Zhou says: “My father was a civilian staffer in the People’s Liberation Army. I grew up in a Beijing compound, and my first memories are from this central party school. I was very young, so my vague recollections are of a cinema and an apple orchard there. Later I moved to another compound for chief staff officers. It also had a cinema but no apple orchard. I attended the primary school in the compound. It was a bunch of one-storey houses with no central heating. In the winter, we used coal stoves. My desk was so close to one that my pencil box melted.
“My father loved art. At weekends, he would take me to museums. As a result, I have always liked painting. In school, my teacher asked me to join the art group. I was interested until I found out we had to stay after class for all its events. That would’ve eaten up all my free time after school for activities such as football, so I didn’t join, even though my art grades were always very good. When I was 15 I failed the entrance exam for high school and had to stay at home for half a year. Then, to retake the exam, I started classes at 168 Secondary School, right beside the Central Academy of Art. From my school’s second-floor balcony, I could see students painting. I thought that painting was easy and fun, so I left my ordinary high school to enrol in one that specialised in art.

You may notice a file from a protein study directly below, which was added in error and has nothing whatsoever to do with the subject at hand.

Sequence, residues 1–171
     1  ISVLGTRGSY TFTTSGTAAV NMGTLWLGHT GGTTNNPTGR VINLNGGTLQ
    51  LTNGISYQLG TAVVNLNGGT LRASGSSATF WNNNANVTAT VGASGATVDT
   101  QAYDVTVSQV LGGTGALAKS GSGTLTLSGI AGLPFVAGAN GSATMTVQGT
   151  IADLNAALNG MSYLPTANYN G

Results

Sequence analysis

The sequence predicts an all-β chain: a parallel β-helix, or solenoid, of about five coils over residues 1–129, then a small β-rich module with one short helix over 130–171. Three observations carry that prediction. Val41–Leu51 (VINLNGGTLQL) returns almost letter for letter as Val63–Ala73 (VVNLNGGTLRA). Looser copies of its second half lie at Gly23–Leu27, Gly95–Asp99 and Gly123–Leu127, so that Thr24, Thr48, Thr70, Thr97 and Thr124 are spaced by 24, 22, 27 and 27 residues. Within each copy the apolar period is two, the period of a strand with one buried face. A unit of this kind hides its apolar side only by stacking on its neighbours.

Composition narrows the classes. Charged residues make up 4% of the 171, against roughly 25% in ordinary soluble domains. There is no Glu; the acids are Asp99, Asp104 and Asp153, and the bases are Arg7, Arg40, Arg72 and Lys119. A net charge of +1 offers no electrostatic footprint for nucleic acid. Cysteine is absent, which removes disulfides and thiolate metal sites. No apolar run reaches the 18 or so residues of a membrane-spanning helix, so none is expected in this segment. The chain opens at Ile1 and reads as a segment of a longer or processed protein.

“For me, everything can be interpreted through art: society, politics, ideology, nature, the environment and human rights. What interests me most are mundane things or found objects. They are the icons of human civilisation, with inherent social characteristics and cultural values. Products are made depending upon our needs. Their shapes and structures are dependent on their functionality, while the choice of material and colour also reflect their function. In other words, function determines the significance of a product’s existence. So what would they be like if I removed their function? I agree with the ancient Chinese philosopher Zhuangzi that ‘the use of uselessness is the most useful’. My art removes the function of products to find their uselessness.”